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What to do when your Help to Save account closes

If you opened a Help to Save account in the last four years, it will be reaching maturity soon and will close. Here’s what happens next and some options of where you can put your money.

What happens when my Help to Save account reaches maturity?

After four years, your Help to Save account will be closed. When it closes you won’t be able to reopen it or open a new one.

The money in your account, along with the final bonus payment, will be paid into the nominated account you chose when you opened your Help to Save account. 

You can update your nominated account details at any time before your Help to Save account reaches maturity if you haven’t chosen an account or want your money to be paid to a different account.

But even when your Help to Save account has closed it doesn’t mean you need to stop saving or spend all the money.

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Where can I put my money when my Help to Save account closes?

If you’ve enjoyed getting into the savings habit, or you’ve realised it’s good to have some emergency savings for a rainy day then you don’t have to stop when your Help to Save account closes.

You can of course leave your money in the nominated bank account it was paid into when your Help to Save account closed. 

However, there are plenty of other places you can put your money where you could earn some interest or win prizes. Here are some of your options.

Easy access savings accounts

Also known as instant access savings accounts, these are accounts that pay interest and allow you to withdraw money whenever you need it. 

You can save as little or as much as you want each month. You can often open an account with an initial deposit of as little as £1.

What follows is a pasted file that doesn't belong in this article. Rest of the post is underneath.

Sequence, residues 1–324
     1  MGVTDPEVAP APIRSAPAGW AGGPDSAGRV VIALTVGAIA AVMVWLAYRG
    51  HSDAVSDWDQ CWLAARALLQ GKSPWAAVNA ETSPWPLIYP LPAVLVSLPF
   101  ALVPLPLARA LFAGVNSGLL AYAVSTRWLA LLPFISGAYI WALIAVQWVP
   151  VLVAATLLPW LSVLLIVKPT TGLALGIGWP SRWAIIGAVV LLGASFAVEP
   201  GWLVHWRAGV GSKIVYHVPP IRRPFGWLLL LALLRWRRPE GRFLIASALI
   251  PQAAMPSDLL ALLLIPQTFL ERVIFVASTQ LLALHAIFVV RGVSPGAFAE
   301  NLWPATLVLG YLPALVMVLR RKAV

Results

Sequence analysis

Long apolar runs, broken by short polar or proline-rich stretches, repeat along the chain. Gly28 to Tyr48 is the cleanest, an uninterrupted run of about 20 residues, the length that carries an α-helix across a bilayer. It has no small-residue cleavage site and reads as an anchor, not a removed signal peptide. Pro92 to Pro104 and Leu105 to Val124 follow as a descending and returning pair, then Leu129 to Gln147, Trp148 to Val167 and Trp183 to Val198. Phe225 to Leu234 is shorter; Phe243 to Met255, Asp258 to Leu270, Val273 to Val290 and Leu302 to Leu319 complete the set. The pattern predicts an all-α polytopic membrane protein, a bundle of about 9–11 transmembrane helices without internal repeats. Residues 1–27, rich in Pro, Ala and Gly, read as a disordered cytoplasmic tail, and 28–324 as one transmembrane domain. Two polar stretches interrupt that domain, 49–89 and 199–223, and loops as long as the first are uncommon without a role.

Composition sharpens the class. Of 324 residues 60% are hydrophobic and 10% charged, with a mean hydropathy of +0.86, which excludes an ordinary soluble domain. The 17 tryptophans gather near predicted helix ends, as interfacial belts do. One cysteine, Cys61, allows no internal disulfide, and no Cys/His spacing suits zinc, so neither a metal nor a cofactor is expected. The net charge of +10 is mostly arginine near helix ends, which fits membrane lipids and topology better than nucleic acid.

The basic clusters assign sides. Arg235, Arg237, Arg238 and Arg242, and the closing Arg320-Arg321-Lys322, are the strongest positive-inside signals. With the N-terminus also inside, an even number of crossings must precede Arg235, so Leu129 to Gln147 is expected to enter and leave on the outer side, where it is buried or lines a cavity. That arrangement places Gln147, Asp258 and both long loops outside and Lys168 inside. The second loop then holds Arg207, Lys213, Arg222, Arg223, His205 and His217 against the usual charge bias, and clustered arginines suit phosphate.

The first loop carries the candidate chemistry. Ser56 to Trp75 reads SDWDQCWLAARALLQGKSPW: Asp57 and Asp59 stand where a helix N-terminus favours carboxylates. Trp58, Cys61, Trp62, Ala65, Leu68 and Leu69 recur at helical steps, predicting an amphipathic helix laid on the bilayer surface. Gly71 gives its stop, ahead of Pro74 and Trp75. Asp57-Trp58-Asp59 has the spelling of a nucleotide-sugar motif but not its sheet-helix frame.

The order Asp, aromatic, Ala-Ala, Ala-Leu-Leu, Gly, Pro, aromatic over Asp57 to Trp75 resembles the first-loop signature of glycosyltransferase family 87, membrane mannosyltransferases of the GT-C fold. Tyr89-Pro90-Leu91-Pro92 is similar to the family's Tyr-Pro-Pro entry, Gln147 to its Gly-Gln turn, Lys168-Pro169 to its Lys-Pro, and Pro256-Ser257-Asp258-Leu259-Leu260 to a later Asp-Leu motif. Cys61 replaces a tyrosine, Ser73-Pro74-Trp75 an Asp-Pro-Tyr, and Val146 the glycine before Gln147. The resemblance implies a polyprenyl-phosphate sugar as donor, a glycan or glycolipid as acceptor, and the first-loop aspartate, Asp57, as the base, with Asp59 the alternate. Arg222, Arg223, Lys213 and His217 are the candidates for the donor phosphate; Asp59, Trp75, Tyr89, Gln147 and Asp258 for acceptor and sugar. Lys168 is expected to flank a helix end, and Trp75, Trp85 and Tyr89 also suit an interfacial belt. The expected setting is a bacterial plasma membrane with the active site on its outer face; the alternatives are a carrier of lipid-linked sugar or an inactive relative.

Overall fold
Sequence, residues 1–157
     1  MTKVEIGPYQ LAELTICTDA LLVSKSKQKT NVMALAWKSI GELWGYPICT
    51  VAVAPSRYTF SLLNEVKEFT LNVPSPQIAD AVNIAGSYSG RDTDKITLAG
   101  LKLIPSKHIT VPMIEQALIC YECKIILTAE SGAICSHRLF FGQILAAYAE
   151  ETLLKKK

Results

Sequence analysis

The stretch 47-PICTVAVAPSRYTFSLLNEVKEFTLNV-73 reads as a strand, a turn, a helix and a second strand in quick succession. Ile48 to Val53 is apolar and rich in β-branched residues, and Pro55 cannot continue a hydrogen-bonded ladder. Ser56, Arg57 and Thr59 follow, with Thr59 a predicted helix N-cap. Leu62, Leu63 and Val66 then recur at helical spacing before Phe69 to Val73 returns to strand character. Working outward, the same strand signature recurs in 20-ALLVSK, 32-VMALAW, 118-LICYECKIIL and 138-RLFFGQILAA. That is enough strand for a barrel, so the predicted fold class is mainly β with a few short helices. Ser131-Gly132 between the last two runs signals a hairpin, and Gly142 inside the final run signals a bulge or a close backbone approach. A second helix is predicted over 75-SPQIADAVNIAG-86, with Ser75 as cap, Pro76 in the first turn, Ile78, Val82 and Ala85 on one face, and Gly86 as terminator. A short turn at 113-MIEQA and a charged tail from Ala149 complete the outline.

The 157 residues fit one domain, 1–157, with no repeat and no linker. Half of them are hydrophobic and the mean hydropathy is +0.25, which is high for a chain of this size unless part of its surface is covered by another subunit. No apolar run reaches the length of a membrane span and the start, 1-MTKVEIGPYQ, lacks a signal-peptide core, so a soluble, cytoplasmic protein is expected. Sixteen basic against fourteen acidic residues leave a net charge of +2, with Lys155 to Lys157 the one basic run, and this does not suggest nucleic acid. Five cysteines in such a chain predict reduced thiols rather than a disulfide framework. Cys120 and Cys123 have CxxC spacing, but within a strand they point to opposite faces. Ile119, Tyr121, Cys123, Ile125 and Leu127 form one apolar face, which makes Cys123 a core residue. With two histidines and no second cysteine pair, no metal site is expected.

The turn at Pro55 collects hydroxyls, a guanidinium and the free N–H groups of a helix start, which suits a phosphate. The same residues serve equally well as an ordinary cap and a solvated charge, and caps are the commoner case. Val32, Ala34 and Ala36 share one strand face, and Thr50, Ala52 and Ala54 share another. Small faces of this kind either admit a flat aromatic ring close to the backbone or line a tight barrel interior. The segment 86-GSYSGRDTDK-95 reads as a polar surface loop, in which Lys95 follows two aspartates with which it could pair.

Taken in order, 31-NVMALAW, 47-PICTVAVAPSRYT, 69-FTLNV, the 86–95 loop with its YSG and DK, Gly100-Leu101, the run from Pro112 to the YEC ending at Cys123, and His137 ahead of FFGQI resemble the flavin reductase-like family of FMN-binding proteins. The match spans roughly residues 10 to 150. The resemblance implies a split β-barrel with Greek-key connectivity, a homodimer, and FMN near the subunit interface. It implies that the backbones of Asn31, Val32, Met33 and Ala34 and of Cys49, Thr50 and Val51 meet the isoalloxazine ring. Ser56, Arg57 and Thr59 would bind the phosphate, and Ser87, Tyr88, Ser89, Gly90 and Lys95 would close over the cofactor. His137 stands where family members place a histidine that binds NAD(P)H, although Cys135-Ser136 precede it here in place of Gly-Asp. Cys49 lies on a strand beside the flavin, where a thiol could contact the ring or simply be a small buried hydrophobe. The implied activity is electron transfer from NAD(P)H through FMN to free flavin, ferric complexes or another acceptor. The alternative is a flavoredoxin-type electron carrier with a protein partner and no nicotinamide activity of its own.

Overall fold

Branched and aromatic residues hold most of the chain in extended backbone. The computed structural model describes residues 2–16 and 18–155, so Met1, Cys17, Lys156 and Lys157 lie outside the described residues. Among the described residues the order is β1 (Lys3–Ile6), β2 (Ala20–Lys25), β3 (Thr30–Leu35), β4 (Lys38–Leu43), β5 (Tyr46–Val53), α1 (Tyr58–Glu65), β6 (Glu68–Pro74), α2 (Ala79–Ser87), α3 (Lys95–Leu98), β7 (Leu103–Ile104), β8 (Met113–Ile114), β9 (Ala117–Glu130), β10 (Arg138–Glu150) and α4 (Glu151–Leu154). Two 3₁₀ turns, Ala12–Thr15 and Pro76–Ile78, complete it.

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Regular savings accounts

With a regular savings account, you commit to paying in a certain amount each month. 

In return, you usually get a higher interest rate than you’d get with a current account or ordinary savings account.

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Fixed rate savings accounts

Fixed-rate savings bonds (or accounts) are interest-paying savings accounts offered by banks, building societies and credit unions for a fixed amount of time. 

You usually get a higher interest rate than from instant access savings accounts.

However, your money is locked away which means you usually can’t access it easily in an emergency without paying a penalty charge or losing the interest you have earned.

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ISAs and other tax-free or tax-efficient savings

Banks, building societies and credit unions offer instant access, regular savings and fixed rate cash ISAs, like the types of account listed above. 

You could put some of your savings into an account where you don’t have to pay tax on any interest earned. 

A cash ISA (for people aged over 16) or a Junior ISA (for children aged under 18) are the most well-known of this type of account.